Brexit withdrawal agreement sets 2021 deadline for UK access to 25 European IT systems

Written by Sam Trendall on 15 November 2018 in News
News

The UK will be shut out of many European networks and databases over the next few years – and will have to pay the EU for access in the meantime, under terms of Brexit deal

The EU's chief Brexit negotiator Michel Barnier (left) hands the draft withdrawal agreement to European Council president Donald Tusk   Credit: Dario Pignatelli/DPA/PA Images

After departing the European Union, the UK will eventually be shut out of 28 different EU IT systems, networks, and databases, with an access deadline of 2021 set in most cases. During the withdrawal period, the UK must also pay the EU for the cost of maintaining this access, under the terms of the government’s Brexit deal.

The draft agreement for the UK’s planned withdrawal from the EU dedicates 15 of its 585 pages to laying out future arrangements for how the two parties will share information and manage post-Brexit access to shared networks, IT systems, and databases. Once the withdrawal process is complete, the UK will no longer have access to a total of 28 such platforms (see below for details).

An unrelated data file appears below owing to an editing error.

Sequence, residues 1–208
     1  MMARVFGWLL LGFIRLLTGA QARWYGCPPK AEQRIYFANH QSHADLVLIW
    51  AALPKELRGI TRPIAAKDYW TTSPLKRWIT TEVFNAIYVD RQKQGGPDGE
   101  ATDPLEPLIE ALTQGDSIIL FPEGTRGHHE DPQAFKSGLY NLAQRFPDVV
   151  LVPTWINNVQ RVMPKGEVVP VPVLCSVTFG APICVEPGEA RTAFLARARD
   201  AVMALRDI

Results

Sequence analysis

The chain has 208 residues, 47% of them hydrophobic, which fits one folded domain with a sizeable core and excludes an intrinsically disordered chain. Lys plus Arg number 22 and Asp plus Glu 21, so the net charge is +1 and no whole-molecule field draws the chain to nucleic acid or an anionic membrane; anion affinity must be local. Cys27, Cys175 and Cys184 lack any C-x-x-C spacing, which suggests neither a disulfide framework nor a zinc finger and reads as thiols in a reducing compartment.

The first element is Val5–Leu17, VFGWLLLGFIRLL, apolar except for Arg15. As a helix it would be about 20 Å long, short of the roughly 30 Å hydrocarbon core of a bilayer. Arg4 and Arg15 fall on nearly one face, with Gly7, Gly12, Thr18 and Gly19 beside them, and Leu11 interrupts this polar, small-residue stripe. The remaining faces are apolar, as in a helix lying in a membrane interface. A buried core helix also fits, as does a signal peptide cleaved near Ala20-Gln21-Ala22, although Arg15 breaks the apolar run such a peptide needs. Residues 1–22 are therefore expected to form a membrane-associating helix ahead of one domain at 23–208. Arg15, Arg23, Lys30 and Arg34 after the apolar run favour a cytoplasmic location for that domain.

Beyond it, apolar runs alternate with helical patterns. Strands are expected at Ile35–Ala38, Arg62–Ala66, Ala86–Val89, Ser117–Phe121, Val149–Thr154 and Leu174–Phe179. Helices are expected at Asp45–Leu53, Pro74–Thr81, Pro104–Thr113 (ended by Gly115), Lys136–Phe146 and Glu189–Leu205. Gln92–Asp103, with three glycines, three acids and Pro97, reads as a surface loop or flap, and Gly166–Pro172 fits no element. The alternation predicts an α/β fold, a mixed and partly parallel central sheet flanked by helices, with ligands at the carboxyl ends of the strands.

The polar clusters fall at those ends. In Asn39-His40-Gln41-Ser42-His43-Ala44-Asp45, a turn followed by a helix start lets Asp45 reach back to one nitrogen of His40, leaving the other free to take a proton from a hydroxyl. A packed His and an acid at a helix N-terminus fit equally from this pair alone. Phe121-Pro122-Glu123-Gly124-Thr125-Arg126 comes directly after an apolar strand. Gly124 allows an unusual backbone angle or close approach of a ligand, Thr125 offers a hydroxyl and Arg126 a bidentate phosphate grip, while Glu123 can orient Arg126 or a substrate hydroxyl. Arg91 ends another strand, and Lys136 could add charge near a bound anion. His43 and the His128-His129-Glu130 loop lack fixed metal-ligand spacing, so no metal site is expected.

A deadline for the country to be shut out has been set for each individual network and relevant use case. The vast majority of these dates fall somewhere during 2021 – although in some cases access is permitted until as late as 2026.


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However, the UK will only “have access to the extent strictly necessary to comply with its obligations” as set out across the rest of the agreement. Furthermore, the UK must “reimburse the Union for the actual costs incurred by the Union as a consequence of facilitating that access”. 

The EU will send a bill to the UK each year outlining these costs. If this amount proves to be much higher than estimates that the EU has already provided, the UK will be expected to immediately pay the estimated amount, while a joint committee discusses whether and how much more ought to be paid.

Both parties will work to ensure interoperability if and when new systems are implemented or updates are made to existing networks.

The agreement said: “Backwards compatibility for the United Kingdom and the Union shall be established to ensure that, for any changes that are made to the networks, information systems and databases, as well as for any changes to formats for exchanging information, the member states and the United Kingdom can continue to accept each other's information in the current format, unless the Union and the United Kingdom agree otherwise.”

Once the UK has been shut out of the EU’s customs platforms and databases, “alternative means for the exchange and storage of information shall be used”.

The charts below detail all the networks, databases, and systems covered by the agreement, and the terms and deadlines of access to be imposed on the UK. Click on the images to enlarge and magnify them.

 

 


 

About the author

Sam Trendall is editor of PublicTechnology

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